Recently, I received a letter from a relative in Zimbabwe. They were having trouble with the borehole that supplies water for the entire farm. Necessary machinery parts were not available. They were having to improvise. A few weeks later, I replied from Prince Edward Island. The pump that delivers the water from our well had broken down. Parts were available, but too expensive. We were extemporizing. but in Zimbabwe, the borehole was running dry. Two years of drought had lowered the water table; rivers that roar down in spate during a rainy season were reduced to a thin trickle in a wide bed of sand; crops were withering on the lands and cattle were breaking down fences in their desperation to find water.
People, already suffering the ravages of war, were starving because the crops had failed and cattle were dying. Here, on our North American island, we had water. Too much of it. Practically every other day, it rained. Storms of wind and rain had flattened the grain; potatoes rotted while farmers waited for a dry spell that would allow them to drive their machinery over the sodden fields.
In Zimbabwe, disaster struck when hail wiped out the best tobacco crop in years. At the other end of the same year, 30 percent of Prince Edward Island's tobacco froze when a major frost hit a week earlier than usual. Like farmers the world over, when crops stand firm and healthy in the fields, they talk with cautious optimism; when they see it destroyed in one swift blow, they shrug philosophically, sustained by the belief that the balance of nature will make amends in the next cycle. In a year of plenty, they feast; in a phase of famine , they eke out an existence, fluctuating with the tides of life.
Friends frequently observe that I must find life in Prince Edward Island very different from my homeland. And on the surface, what could be a greater contrast between the hot African Plateau that stretches into forever, but has no seaport, and the North American island, surrounded and interwoven with water, that can be covered end to end in a single day. Yet, through a strange paradox, there seem to be more similarities than differences. There is the same pioneering spirit; the innovativeness; the challenge to survive; and the sense of community.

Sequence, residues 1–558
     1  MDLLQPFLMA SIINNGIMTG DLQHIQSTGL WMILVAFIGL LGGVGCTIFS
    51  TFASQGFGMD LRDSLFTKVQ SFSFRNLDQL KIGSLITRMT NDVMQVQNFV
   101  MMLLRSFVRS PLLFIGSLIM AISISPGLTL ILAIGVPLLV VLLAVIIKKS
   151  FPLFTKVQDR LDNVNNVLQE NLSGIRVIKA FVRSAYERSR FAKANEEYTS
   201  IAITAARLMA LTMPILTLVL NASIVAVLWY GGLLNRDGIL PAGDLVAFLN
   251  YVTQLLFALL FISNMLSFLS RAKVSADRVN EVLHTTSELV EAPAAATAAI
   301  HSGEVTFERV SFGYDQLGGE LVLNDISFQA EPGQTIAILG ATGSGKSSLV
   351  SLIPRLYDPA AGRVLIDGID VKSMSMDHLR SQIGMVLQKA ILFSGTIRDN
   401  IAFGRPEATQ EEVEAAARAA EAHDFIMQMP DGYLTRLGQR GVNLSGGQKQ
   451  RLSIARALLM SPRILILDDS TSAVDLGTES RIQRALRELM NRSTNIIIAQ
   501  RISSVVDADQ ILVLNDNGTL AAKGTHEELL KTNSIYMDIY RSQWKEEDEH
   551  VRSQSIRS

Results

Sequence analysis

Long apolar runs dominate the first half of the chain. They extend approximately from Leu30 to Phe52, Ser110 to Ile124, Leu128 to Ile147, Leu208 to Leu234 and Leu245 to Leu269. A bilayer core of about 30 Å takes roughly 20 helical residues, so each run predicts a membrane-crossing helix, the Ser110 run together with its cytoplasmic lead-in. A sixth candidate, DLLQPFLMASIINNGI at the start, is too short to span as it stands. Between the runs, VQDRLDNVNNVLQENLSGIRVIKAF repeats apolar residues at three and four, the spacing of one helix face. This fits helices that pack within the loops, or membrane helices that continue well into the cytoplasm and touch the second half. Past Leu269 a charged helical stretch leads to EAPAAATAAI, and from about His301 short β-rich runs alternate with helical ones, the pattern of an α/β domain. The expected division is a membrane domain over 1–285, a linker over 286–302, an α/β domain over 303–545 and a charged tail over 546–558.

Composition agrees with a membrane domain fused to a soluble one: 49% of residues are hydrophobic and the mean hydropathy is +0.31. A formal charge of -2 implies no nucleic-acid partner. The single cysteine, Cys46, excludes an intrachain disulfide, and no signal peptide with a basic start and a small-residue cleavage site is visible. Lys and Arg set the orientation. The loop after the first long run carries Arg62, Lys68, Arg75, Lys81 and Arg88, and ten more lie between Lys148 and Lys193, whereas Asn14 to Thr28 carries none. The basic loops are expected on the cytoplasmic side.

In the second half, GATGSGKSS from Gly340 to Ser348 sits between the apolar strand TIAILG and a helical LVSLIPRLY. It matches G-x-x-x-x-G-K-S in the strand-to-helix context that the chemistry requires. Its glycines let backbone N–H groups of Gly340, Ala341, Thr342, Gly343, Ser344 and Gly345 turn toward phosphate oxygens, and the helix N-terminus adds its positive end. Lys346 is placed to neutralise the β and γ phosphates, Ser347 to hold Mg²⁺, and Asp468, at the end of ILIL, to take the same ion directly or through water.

Both here and in Zimbabwe there is a strong dependence on hospitality, an automatic impulse to offer assistance to a stranger, knowing that tomorrow it could be you who seeks help. One relies on one's neighbors, not only for assistance in difficult times, but for recreation and the sharing of joys. There is more entertaining in homes; conversation; community sporting events. There are the advantages and irritations of a close-knit society in which you have friends to turn to, yet present their ability to manage your affairs as well as their own.
Each place has the same number of hardships or pleasures -- but of different kinds. If, here, we struggle with ice and snowdrifts and small predators such as raccoons and foxes and skunks, in Zimbabwe their problems are heat and snakes and large predators like jackals and leopards and crocodiles. What could be more relaxing than a day on an island beach, with sand stretching off in the distance and a tingling sea to bathe in; or in winter to strap on a pair of skis or snowshoes and tramp along woodland paths; or to come home after skating on a nearby pond to the smell of wood smoke and soup steaming on the kitchen range.
But then again, how exhilarating it is to come across a herd of elephant giving one another a dust bath in a game reserve, or go sailing year round, or just lie in the sun in a garden bright with tropical flowers. But we all complain of the roads in the wet season, when the red clay sucks your vehicle in up to the axles, or in the dry weather, when amber dust hangs in the air and we clatter over surfaces that are like corrugated iron. We all enjoy the good company of neighbors; magnificent landscapes; mutual inventiveness; and a common bond with nature to survive. Each has a lore that is learned by one generation from the last, and to acknowledge this reality gives grounds for mutual respect for the individuality of both.
So it is that across all the miles, I have a closer communion with my own Zimbabwean people here on Prince Edward Island than I have felt elsewhere, and more of a sense of "home."